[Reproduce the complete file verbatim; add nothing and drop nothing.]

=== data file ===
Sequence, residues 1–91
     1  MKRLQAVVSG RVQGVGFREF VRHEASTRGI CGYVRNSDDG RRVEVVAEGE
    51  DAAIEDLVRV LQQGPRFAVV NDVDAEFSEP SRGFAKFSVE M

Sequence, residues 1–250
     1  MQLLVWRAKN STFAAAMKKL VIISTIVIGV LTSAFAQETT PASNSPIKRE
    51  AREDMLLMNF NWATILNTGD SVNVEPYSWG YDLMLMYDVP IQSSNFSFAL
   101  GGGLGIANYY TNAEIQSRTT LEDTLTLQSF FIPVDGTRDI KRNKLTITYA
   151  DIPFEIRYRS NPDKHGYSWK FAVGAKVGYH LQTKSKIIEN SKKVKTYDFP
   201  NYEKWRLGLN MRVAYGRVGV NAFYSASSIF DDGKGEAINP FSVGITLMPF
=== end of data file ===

Sequence, residues 1–91
     1  MKRLQAVVSG RVQGVGFREF VRHEASTRGI CGYVRNSDDG RRVEVVAEGE
    51  DAAIEDLVRV LQQGPRFAVV NDVDAEFSEP SRGFAKFSVE M

Sequence, residues 1–250
     1  MQLLVWRAKN STFAAAMKKL VIISTIVIGV LTSAFAQETT PASNSPIKRE
    51  AREDMLLMNF NWATILNTGD SVNVEPYSWG YDLMLMYDVP IQSSNFSFAL
   101  GGGLGIANYY TNAEIQSRTT LEDTLTLQSF FIPVDGTRDI KRNKLTITYA
   151  DIPFEIRYRS NPDKHGYSWK FAVGAKVGYH LQTKSKIIEN SKKVKTYDFP
   201  NYEKWRLGLN MRVAYGRVGV NAFYSASSIF DDGKGEAINP FSVGITLMPF